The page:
-Link to the Press Release-
The 2021 Community Forest Indicators Report is a detailed culmination of input from 30 community forests across BC on 18 indicators that reflect the multi-value management approach of community forests. The combined results from their last full operating year are evidence of the success and promise of community forestry.
“As the province moves from a focus on volume to value and to an increase in the participation of First Nations and communities in the forest sector, community forests provide compelling examples of how this can be done”, said Harley Wright, BCCFA President.
Nearly half or 47% of the community forests in BC are held by a First Nation or are a partnership of an Indigenous and non-Indigenous community. With just 3% of the provincial annual harvest, community forests have a big impact in the nearly 100 rural and Indigenous communities in which they operate. Community forests can be a tool for the province and others to work towards reconciliation, and can give rural people an opportunity for more input into control of the forests that surround their communities.
“We and our contractors make a concerted effort to hire community members to undertake various aspects of our forest management program. Our intent is to provide the community with opportunities.” said Dave Gill, Manager of the Westbank Community Forest and Ntityix Resources, both wholly owned by the Westbank First Nation.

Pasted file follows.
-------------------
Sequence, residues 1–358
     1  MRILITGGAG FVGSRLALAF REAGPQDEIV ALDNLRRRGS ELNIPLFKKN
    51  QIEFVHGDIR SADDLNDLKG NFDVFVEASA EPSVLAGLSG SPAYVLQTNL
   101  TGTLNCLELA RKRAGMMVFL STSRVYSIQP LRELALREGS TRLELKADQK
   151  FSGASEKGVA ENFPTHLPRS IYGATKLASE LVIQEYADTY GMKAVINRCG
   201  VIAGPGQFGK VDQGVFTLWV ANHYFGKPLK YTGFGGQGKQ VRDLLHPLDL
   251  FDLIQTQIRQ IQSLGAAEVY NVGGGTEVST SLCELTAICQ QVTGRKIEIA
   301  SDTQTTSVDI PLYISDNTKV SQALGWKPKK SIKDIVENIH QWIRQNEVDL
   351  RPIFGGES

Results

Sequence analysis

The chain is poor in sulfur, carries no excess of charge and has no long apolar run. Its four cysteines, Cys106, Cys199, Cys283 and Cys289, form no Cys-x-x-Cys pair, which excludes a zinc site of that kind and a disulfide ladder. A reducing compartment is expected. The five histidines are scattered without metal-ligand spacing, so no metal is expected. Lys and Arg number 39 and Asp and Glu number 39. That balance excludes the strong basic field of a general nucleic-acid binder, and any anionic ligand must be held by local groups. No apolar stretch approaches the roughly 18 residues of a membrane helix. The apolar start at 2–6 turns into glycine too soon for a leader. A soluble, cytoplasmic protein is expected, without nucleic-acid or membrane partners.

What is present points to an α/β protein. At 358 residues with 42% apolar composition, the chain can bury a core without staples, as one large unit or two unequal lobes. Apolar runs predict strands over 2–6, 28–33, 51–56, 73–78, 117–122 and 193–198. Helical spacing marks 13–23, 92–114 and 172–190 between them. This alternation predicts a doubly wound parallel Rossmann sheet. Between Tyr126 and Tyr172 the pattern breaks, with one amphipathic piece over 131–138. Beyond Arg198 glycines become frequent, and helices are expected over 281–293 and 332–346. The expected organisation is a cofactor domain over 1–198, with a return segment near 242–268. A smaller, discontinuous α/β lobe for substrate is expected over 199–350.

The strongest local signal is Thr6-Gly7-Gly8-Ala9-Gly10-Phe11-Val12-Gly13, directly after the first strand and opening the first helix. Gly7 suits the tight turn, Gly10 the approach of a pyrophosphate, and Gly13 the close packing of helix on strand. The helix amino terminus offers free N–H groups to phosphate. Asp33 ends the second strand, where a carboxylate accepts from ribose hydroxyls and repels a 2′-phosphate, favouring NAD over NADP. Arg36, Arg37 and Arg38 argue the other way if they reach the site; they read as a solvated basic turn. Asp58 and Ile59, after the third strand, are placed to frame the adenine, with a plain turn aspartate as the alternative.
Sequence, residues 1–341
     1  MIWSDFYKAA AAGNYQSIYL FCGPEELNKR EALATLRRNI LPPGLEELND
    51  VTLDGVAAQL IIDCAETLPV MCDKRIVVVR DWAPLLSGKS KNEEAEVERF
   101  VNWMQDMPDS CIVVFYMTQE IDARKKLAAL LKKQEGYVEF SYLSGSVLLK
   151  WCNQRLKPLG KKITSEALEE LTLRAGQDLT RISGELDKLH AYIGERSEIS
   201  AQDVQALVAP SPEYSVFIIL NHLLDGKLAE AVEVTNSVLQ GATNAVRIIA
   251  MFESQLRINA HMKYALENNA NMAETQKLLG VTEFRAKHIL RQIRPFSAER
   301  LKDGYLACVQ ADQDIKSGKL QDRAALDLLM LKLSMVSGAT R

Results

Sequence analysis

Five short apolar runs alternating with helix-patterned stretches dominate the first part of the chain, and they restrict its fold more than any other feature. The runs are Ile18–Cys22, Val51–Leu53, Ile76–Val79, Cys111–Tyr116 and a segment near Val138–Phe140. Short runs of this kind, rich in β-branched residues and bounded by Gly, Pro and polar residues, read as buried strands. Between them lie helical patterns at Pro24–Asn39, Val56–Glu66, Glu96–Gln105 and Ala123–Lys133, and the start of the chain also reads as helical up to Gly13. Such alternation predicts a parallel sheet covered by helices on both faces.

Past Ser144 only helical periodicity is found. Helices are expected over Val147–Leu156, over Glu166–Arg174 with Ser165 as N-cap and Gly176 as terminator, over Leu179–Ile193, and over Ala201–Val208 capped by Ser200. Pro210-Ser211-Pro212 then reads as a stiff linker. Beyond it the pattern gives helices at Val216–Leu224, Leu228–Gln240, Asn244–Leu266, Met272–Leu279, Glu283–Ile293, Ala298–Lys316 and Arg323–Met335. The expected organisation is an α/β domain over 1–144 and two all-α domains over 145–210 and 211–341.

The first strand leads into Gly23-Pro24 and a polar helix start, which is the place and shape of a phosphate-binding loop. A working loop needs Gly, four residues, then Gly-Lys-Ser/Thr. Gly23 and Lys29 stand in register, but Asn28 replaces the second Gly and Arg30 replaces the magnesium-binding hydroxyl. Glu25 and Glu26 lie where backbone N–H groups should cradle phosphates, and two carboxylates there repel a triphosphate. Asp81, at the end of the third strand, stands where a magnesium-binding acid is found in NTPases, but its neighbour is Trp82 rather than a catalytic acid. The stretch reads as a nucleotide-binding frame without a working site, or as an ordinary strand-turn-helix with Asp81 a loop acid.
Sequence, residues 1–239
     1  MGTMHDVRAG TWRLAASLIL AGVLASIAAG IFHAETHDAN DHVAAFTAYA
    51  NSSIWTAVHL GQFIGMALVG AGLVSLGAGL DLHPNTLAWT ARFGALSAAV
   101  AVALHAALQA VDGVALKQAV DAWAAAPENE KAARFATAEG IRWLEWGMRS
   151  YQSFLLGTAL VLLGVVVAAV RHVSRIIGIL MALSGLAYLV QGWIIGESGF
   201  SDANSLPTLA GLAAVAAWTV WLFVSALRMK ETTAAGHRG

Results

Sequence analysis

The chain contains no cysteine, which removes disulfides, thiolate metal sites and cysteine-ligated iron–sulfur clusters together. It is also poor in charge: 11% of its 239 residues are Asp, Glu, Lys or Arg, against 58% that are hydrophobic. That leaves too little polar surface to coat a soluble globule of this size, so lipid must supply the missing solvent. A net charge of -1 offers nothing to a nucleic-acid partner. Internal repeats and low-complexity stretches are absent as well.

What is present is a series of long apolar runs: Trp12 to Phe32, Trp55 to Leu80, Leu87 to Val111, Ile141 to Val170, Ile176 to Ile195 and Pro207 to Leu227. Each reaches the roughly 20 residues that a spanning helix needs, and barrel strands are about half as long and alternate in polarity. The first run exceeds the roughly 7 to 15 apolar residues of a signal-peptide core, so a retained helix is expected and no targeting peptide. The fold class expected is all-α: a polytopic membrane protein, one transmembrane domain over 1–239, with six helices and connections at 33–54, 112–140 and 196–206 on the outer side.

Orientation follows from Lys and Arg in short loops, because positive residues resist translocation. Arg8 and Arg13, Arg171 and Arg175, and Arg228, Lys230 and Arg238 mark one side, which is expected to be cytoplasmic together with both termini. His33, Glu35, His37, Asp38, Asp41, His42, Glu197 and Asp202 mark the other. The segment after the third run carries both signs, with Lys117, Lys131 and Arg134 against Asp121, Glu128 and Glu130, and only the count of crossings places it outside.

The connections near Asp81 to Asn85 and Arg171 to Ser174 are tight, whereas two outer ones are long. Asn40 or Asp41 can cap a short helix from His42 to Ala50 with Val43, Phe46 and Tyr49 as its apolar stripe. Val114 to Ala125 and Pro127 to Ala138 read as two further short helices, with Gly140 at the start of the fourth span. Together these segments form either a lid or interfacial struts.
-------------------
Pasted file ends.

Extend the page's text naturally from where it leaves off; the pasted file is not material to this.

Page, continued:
The report shows that community forests are demonstrating a commitment to sustainable and sound forest management. They are investing in a range of objectives including enhanced forest stewardship and the conservation of ecologically and culturally significant areas and values. The data gathered also demonstrates that many community forests are leaders in the proactive management of wildfire hazard and reintegration of prescribed fire. Their commitment to silvicultural investments and innovation go beyond their legal obligations, while they also are investing in local recreation opportunities and forest education. Indeed, they are managing for a full range of values.
“Community forests are remarkably resilient and are adapting to ever-evolving circumstances of climate change, wildfire, markets and the COVID-19 pandemic. They have continuously proven their innovative spirit, which is ultimately driven by the perseverance of the local communities and their connections to the landscapes in which they live.” said Jennifer Gunter, BCCFA Executive Director.2021 BCCFA Community Forest Indicators Report
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